How could we have a paper as a database, as a knowledge base?
• How is the paper an interface, gateway, to the web of data?
How could such and interface be delivered in a contextual manner?
• How could RDF(a) and ontologies be used to represent the knowledge encoded
in scientific documents and in general-interest media publications?
• What ontologies do we need for representing structural elements in a
document?
• How can we capture the semantics of rhetorical structures in
scholarly communication, and of  hypotheses and scientific evidence?

AUDIENCE

• researchers from diverse backgrounds such as argumentative
structures, scholarly communication, multi-modality in publications,
digital libraries, semantics in publications, and ontology
engineers.
• practitioners active in the publishing industry, repositories of
experimental information and document standards.

IMPORTANT DATES

Paper/Demo Submission Deadline: February 28, 23:59 Hawaii Time
Acceptance Notification: April 1
Camera Ready Version: April 15
SePublica Workshop: May 29 or May 30 (to be announced)

SUBMISSION AND PROCEEDINGS

Research papers are limited to 12 pages and position papers to 5
pages. For system descriptions, a 5 page paper should be
submitted. All papers and system descriptions should be formatted
according to the LNCS format

http://www.springer.com/computer/lncs?SGWID=0-164-6-793341-0

We encourage the submission of semantic documents. LaTeX documents in
the LNCS format can, e.g., be annotated using SALT
(http://salt.semanticauthoring.org) or sTeX
(http://trac.kwarc.info/sTeX/). We also invite submissions in
XHTML+RDFa or in the format or YOUR semantic publishing tool.
However, to ensure a fair review procedure, authors must additionally
export them to PDF.  For submissions that are not in the LNCS PDF
format, 400 words count as one page. Submissions that exceed the page
limit will be rejected without review.

Depending on the number and quality of submissions, authors might
be invited to present their papers during a poster session.

Please submit your paper via EasyChair at
http://www.easychair.org/conferences/?conf=sepublica2011

The author list does not need to be anonymized, as we do not have a
double-blind review process in place.

Submissions will be peer reviewed by three independent
reviewers. Accepted papers have to be presented at the workshop
(requires registering for the ESWC conference and the workshop) and
will be included in the workshop proceedings that are published online
at CEUR-WS.

PROGRAM COMMITTEE

• Robert Stevens, Manchester University, UK
• Benjamin Good, Genomic Institute, Novartis, USA
• Michael Kohlhase, Jacobs University, Germany
• Oscar Corcho, Politecnica de Madrid, Spain
• Steve Pettifer, Manchester University, UK
• Jodi Schneider, DERI, NUI Galway, Ireland
• Sebastian Kruk, knowledgehives.com, Poland
• Henrik Eriksson,  Linköping University, Sweden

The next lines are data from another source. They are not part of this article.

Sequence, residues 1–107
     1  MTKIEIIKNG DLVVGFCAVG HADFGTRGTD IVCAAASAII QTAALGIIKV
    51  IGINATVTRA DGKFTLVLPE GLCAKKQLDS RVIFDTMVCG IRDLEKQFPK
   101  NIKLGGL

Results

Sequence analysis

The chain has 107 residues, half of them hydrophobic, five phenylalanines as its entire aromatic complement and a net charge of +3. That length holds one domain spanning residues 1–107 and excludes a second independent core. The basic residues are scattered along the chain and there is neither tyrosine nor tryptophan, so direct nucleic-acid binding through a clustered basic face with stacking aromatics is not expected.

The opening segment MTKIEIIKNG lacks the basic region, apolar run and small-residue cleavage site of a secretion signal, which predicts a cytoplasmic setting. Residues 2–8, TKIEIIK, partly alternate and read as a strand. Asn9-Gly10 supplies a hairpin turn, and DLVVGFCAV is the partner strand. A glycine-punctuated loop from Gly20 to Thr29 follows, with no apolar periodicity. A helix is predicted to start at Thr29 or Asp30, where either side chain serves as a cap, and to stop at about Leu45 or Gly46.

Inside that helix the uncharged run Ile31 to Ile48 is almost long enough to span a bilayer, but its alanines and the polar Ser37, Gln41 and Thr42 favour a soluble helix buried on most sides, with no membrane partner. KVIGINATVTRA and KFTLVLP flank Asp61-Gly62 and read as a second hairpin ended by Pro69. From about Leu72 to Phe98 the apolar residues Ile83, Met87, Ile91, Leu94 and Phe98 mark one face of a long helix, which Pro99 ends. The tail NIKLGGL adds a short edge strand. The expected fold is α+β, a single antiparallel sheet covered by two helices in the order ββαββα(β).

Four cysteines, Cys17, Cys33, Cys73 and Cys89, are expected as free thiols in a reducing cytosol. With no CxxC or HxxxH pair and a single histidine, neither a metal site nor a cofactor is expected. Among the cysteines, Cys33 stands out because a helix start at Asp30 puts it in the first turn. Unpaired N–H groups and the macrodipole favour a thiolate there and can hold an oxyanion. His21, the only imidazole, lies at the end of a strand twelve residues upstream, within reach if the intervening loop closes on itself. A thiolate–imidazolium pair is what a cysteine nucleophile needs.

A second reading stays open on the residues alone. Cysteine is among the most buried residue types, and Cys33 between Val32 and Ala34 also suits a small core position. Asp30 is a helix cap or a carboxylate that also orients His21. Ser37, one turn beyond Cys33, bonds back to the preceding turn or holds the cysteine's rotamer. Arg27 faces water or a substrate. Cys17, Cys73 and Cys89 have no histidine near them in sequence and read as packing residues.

• Dagobert Soergel, University of Maryland, USA
• Tim Clark, Harvard Medical School, USA
• Paolo Ciccarese, Harvard Medical School, USA

ORGANIZING COMMITTEE

• Alexander García Castro, University of Bremen, Germany
• Christoph Lange, Jacobs University Bremen, Germany
• Anita de Waard, Elsevier, USA/Netherlands
• Evan Sandhaus, New York Times, USA

QUESTIONS? → sepublica <at> googlegroups.com

--

-- 
Christoph Lange, Jacobs Univ. Bremen, http://kwarc.info/clange, Skype
duke4701
Semantic Publication workshop, May 29 or May 30, Hersonissos, Crete, Greece
Submission deadline February 28, http://SePublica.mywikipaper.org

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phoebe ayers | 13 Jan 21:53 2011
Picon

Pew Research Report on Wikipedia

As you all may have seen there is tons of media coverage coming out
around Wikipedia's 10th anniversary (Jan 15, 2011). In the midst of
this the Pew Internet Research Center released a new report today:

"Wikipedia, past and present"
http://pewinternet.org/Reports/2011/Wikipedia.aspx

-- phoebe

--

-- 
* I use this address for lists; send personal messages to phoebe.ayers
<at> gmail.com *
Joseph Reagle | 13 Jan 22:06 2011

Re: Pew Research Report on Wikipedia

On Thursday, January 13, 2011, phoebe ayers wrote:
> "Wikipedia, past and present"
> http://pewinternet.org/Reports/2011/Wikipedia.aspx

Given how much Google juice WP has, I find it unintuitive that only "53% of adult internet users" "use
Wikipedia to look for information". I thought this low number is perhaps people thinking this means they
type the query into Wikipedia itself. Pew is always thorough, so looking for the questions I see [1] and
infer the question was: 

> Thinking about your internet use overall... Please tell me if you ever use the internet to do any of the
following things. Do you ever use the internet to [Look for information on Wikipedia] ? / Did you happen to
do this yesterday, or not?

...?

[1]: http://pewinternet.org/Shared-Content/Data-Sets/2010/May-2010--Cell-Phones.aspx
Steven Walling | 13 Jan 22:16 2011
Picon

Re: Pew Research Report on Wikipedia

Just a reminder that Pew is exclusive to the U.S. so that's 53% of American adult internet users using Wikipedia. 


Steven Walling

On Thu, Jan 13, 2011 at 1:06 PM, Joseph Reagle <joseph.2008 <at> reagle.org> wrote:
On Thursday, January 13, 2011, phoebe ayers wrote:
> "Wikipedia, past and present"
> http://pewinternet.org/Reports/2011/Wikipedia.aspx

Given how much Google juice WP has, I find it unintuitive that only "53% of adult internet users" "use Wikipedia to look for information". I thought this low number is perhaps people thinking this means they type the query into Wikipedia itself. Pew is always thorough, so looking for the questions I see [1] and infer the question was:

> Thinking about your internet use overall... Please tell me if you ever use the internet to do any of the following things. Do you ever use the internet to [Look for information on Wikipedia] ? / Did you happen to do this yesterday, or not?

...?

[1]: http://pewinternet.org/Shared-Content/Data-Sets/2010/May-2010--Cell-Phones.aspx


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Gmane